We did not observe any significant difference in tissue sections with or without NO exposure. This is not surprising, as tissue samples may not reflect acute changes at the microvascular level. 13In the brief time required to kill an animal and obtain and fix tissues, significant hypoxia can occur. This would preclude the possibility of visualizing any beneficial or deleterious effects of an intervention as compared with controls. In addition, we did not find evidence of decreased sickling in the peripheral-blood samples of animals exposed to NO as compared with those not receiving NO during hypoxia. Again, the amount of sickling in peripheral venous samples may not closely reflect acute changes at the tissue level, as deformed erythrocytes can be selectively trapped in the microvasculature.

In normal humans and sheep, inhaled NO completely reverses acute hypoxic pulmonary vasoconstriction during hypoxic breathing. 27,28Pulmonary vasodilation reduces right heart strain and improves right ventricular performance during hypoxic stress. We did not measure pulmonary artery pressure; however, in other mice studies with low environmental oxygen, 20 ppm NO has been shown to reduce pulmonary artery pressure by attenuating hypoxic pulmonary vasoconstriction. 29In our group D, SAD mice breathing 20 ppm NO in 6% oxygen without preloading of NO did not have an improved survival. Because this NO concentration should have reduced pulmonary artery pressure, it is unlikely that the attenuation of pulmonary artery pressure elevations alone during NO breathing was sufficient to increase the murine survival rate.

Nitric oxide breathing improves ventilation–perfusion matching in some clinical settings. 30This has been shown in SCD patients with acute chest syndrome. 31We believe these effects would not play a major role augmenting survival in our study, because in the presence of environmental hypoxia, there would not be improved systemic oxygenation associated with improvement of ventilation–perfusion matching during NO breathing.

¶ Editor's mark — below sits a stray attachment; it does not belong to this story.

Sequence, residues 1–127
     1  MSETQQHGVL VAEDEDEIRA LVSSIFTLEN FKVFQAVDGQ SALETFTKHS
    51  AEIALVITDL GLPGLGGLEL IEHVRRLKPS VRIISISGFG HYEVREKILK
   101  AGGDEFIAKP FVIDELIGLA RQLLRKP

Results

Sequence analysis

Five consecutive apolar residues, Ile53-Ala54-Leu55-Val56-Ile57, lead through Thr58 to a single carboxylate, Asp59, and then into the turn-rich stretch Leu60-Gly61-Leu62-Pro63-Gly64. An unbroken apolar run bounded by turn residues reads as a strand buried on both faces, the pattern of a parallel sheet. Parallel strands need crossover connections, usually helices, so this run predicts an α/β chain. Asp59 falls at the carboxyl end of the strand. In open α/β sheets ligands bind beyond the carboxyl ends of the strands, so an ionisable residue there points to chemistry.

Inhaled NO may produce other beneficial effects such as inhibiting platelet aggregation and adhesion. A noxious interaction between the endothelium, platelets, and HbS erythrocytes also contributes to vaso-occlusive pathophysiology in SCD. 32–34Platelets display an activated state in this disease, with increased circulating levels of platelet-activating factor and platelet-derived adhesion molecules. 33Animal models have demonstrated platelet adhesion is reversibly inhibited by NO breathing via  the NO–cyclic guanosine monophosphate pathway. 35It is interesting to note that SCD patients in crisis, who have higher levels of plasma NO metabolites, have lower pain scores. 36Studies assessing sickle erythrocyte adhesiveness to cerebral blood vessels in rats 32have also shown increased adhesion to the microvasculature. Inhibition of NO synthase in this model produced total obstruction of blood flow within minutes. Although we could not determine the exact cause of death in our study, it is likely that in survivors, a reduction of platelet and erythrocyte adhesion to the endothelium plays an important role.

In summary, NO breathing produced an improvement in survival rates in the sickle cell (SAD) mouse when given both before and during acute hypoxia compared with those without NO breathing. The onset of this protective effect is rapid (minutes) and requires loading with a sufficient NO dose before hypoxia exposure. Multiple mechanisms and sites (e.g. , hemoglobin interactions, vascular and blood cell components) may be involved in the beneficial effects of inhaled NO. Therefore, inhaled NO may be beneficial as a therapeutic intervention for SCD. Further studies are needed and ongoing to define mechanisms responsible for this apparent improvement in survival.

The authors thank INO-Therapeutics (Clinton, New Jersey) for partial support of this protocol and the donation of nitric oxide gas; J. Degen, Ph.D., (University of Cincinnati, Cincinnati, Ohio) for a generous donation for our mice colony; YuChiao Chang, Ph.D., (Department of Medicine, Massachusetts General Hospital and Harvard Medical School, Boston, Massachusetts) for providing statistical support; Joseph Paulauskis, Ph.D. (Harvard School of Public Health, Boston, Massachusetts) for help in genotyping our SAD mice colony; and Rosemary Jones, Ph.D., (Department of Anaesthesia and Critical Care, Massachusetts General Hospital, Boston, Massachusetts) for help in examining tissue samples.